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Make the most of the unlicensed ISM band

Posted: 16 Sep 2005 ?? ?Print Version ?Bookmark and Share

Keywords:ism? 915mhz? fcc? spectrum? dsss?

Due to its unlicensed nature, the 915MHz U.S. Industrial, Scientific and Medical (ISM) band is popular for establishing wireless data links with short-range wireless devices. As its popularity grows, the number of devices operating in this band increases. This situation can create congestion in the frequency spectrum, which manifests itself in interference from other devices operating in the band, leading to a degradation of performance of the intended link.

The ISM band is an unlicensed band intended for low-data-rate communications and extends from 902MHz to 928MHz. By definition, any transceiver operating in an unlicensed band does not require that the end-user obtain a government permit to use the device. However, the device itself must be certified by the governing authority in the operating country.

Spread-spectrum systems are known for their interference rejection and anti-jamming capability in multiple access systems. Spread-spectrum signals used to transmit digital information are distinguished by the characteristic that their bandwidth, W, is much greater than the information rate, R, in bits/s. The bandwidth expansion factor, Be = W/R for a spread-spectrum signal, is much greater than unity. The large redundancy inherent in spread-spectrum signals is needed to overcome the potentially severe interference levels that are encountered when transmitting digital information over radio channels. Radios operating in the 915MHz ISM band are subjected to interference from other unlicensed devices in the same band that could significantly degrade the operating radio's sensitivity.

Another important element used in the design of spread-spectrum systems is pseudo-randomness, which makes the transmitted signals appear similar to random noise and difficult to demodulate by the receivers, other than the ones intended to receive the information. The benefits of spread-spectrum systems are:

? Combating or suppressing the interference's detrimental effects due to jamming, interference arising from other users of the same channel and self-interference due to multipath propagation;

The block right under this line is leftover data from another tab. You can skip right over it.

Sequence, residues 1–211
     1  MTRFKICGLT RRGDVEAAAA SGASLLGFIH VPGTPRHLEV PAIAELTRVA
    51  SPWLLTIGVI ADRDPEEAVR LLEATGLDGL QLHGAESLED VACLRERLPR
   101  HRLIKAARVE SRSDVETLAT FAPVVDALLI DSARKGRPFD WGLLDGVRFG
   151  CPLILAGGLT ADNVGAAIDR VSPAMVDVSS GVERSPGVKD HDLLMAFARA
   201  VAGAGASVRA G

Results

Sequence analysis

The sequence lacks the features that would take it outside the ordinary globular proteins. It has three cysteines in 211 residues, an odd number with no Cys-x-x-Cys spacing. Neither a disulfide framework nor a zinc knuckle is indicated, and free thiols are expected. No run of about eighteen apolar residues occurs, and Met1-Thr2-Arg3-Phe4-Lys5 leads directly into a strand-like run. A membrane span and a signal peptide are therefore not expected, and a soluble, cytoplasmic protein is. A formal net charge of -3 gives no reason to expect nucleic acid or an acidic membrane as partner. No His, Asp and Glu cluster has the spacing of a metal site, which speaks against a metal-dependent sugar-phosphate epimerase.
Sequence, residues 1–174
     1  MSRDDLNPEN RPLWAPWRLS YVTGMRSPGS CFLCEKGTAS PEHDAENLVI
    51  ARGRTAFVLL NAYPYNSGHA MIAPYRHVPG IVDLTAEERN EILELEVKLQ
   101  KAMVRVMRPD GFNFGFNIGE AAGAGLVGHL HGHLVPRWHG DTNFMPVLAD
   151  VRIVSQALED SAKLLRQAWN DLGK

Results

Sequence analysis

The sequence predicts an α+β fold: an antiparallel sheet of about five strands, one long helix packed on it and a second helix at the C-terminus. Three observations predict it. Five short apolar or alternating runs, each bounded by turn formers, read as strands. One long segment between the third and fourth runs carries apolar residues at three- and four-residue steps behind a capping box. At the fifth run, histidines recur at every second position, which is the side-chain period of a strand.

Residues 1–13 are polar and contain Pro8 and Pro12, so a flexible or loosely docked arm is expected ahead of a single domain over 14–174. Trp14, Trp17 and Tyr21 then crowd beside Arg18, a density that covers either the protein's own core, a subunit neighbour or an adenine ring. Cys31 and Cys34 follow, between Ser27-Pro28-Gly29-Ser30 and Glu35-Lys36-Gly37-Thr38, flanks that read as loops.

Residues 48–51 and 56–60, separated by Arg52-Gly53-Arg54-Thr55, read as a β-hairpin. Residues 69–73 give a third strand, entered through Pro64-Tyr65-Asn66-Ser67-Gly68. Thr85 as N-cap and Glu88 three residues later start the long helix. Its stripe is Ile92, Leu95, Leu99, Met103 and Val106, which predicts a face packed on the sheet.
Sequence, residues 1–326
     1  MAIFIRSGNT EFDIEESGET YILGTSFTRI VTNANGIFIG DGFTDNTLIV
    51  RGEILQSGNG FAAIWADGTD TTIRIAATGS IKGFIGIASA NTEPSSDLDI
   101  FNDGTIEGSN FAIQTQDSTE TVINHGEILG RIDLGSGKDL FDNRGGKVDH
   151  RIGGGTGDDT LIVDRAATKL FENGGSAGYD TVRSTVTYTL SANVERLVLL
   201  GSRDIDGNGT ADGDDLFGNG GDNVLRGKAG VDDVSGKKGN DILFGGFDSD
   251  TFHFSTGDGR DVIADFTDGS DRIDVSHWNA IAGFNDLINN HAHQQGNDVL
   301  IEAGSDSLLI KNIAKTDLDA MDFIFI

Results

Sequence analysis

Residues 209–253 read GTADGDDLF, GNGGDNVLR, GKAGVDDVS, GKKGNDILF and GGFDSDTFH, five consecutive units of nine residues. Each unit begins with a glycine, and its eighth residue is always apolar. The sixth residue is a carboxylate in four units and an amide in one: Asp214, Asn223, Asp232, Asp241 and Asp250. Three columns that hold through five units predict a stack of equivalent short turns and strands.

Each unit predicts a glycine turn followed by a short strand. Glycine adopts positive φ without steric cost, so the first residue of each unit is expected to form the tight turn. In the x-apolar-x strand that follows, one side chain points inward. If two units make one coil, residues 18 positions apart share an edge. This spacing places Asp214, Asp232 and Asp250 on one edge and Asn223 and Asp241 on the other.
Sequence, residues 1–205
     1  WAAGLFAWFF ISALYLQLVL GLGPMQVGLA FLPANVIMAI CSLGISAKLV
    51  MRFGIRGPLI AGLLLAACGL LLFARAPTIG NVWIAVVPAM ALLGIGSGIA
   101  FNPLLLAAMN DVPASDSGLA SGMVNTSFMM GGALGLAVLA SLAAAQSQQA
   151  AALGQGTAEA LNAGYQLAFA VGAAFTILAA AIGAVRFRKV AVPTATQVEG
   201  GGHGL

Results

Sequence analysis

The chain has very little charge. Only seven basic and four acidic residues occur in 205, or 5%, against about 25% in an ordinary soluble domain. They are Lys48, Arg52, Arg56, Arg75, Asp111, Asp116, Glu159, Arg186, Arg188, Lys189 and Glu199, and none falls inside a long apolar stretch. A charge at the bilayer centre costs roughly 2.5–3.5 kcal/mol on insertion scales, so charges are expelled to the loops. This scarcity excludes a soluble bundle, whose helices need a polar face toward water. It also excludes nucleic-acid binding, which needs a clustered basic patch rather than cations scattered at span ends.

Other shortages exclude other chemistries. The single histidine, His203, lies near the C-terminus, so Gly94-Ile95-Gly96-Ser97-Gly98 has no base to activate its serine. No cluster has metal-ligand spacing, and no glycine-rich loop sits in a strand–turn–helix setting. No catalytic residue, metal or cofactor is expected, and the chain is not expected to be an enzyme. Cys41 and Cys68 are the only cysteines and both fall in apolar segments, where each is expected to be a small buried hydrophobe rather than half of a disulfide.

? Achieving message privacy in the presence of other listeners;

? Hiding a signal by transmitting it at low power and making it difficult for an unintended listener to detect in the presence of background noise. Thus, these signals have a low probability of intercept.

Two types of spread-spectrum systems exist: direct-sequence (DSSS) and frequency-hopping (FHSS). In DSSS, a pseudo-noise (PN) generator generates PN codes at the chip rate, which is much faster than the data rate. The data output at the data rate and the PN generator output at the chip rate are Modulo-2 added and fed to the phase-shift-keying (PSK) modulator. At the receiver (Rx), the PN codes' complex correlation properties decode the message sequence. DSSS is an expensive solution and more complex to implement due to the stringent synchronization requirements. DSSS also needs a coherent modulation technique such as binary PSK. These factors exclude DSSS as a suitable choice for simple, low-cost, low-data rate ISM band transceivers. The alternative, FHSS, is better suited for such applications.

FHSS systems

In an FHSS system, the available channel bandwidth is subdivided into a large number of contiguous frequency slots. The U.S. ISM band lends itself to low-data-rate FHSS systems. In any signaling interval, the transmitted signal occupies one of the available frequency slots. Frequency slots are selected pseudo-randomly during each signaling interval. User-defined protocols can determine the hopping sequence.

The transceiver transmits or receives during dwell time. The time it configures its registers to transmit or receive at another frequency is called blank time. What occurs during dwell time is the Tx (or Rx) preamble, start bit, data sequence and post-amble at a particular frequency in the hopping sequence. And the actions during blank time are pseudo-random frequency generation, configuring the transceiver registers to operate at the randomly generated frequency, and waiting for the PLL to lock. To conserve battery power, the blank time should be as short as possible.